It has announced that it will no longer insist on the immediate passage of a UNSC resolution and instead give more time to the EU-3, that had earlier spearheaded negotiations with Iran, to prepare a new package of proposals, which after approval by the EU foreign ministers, will be formally presented to the Iranian government. This is a positive development, which hopefully will be used by the EU-3, to frame proposals that are serious and meaningful.
The American position is, however, not as well meaning as it may appear. In an interview to an American television network, Secretary Condoleezza Rice emphasised that “the offer would make clear that they (the Iranians) have a choice that would allow them to have a civil nuclear programme if that is, indeed, what they want.” But she has also warned that the US was now in favour of giving a clear option to Iran which can “either defy the international community and face isolation and UNSC action; or Iran can accept a path to a civil nuclear programme that is acceptable to the international community.”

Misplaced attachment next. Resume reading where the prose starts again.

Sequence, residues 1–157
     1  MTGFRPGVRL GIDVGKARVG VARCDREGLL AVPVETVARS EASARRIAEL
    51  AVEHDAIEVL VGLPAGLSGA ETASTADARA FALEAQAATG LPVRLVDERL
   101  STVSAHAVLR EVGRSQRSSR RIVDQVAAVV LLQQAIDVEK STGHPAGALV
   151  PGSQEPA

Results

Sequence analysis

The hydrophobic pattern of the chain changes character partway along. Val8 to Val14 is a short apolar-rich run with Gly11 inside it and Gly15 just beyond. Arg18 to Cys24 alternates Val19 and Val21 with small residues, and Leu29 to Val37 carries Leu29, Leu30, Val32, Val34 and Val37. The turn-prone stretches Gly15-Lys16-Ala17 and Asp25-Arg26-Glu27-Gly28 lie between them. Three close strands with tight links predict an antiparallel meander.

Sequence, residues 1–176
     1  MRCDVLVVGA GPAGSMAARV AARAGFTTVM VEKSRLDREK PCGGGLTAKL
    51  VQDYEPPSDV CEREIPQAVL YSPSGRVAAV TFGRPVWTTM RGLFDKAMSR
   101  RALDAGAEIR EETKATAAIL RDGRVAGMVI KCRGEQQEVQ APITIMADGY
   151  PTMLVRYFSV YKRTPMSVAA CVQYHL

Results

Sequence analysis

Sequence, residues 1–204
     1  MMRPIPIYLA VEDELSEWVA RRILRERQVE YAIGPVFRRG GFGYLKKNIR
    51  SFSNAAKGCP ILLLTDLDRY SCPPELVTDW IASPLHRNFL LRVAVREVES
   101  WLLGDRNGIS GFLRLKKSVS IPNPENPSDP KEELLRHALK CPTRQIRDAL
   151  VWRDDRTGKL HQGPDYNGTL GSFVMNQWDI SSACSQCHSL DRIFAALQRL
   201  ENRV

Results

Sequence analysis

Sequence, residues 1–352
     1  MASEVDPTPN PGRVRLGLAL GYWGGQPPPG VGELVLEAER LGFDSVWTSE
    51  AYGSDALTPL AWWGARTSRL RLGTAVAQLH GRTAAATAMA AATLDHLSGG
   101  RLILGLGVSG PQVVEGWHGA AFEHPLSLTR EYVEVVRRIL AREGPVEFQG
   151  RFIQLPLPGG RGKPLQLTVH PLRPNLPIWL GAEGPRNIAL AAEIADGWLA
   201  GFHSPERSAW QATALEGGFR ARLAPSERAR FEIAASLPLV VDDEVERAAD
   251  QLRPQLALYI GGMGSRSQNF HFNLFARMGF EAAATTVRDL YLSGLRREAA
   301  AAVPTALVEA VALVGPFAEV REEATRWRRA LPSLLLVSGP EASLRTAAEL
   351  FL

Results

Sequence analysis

This initiative provides greater time to the other countries, in particular the EU-3, to formulate new proposals that are more realistic and contain elements that could be attractive to Tehran. But in reality, the Americans have made only a tactical concession, primarily in order to demonstrate flexibility and a willingness to appear reasonable.
In real terms, the American strategic goal remains unaltered, especially as the American offer would require that uranium enrichment and processing take place elsewhere, and not on Iranian territory. This appears to be a revival of the earlier Russian offer to have uranium enrichment carried out on Russian territory. This was rejected by Tehran.
There is another interesting development and this is the dispatch of a long letter by President Ahmadinejad to President George Bush and which appears more as a lecture on religion, culture and ethics than a diplomatic exchange. Not surprisingly, the Bush administration plans not to respond formally to it. Nevertheless, the letter appears to have emanated from an Iranian desire to mollify some of its critics who felt that Ahmadinejad’s statements had earned strong criticism even in friendly capitals and added unnecessarily to the confrontation with the western world. It is also an attempt to show the world that Iran remains confident and prepared for a political dialogue with its rival and antagonist.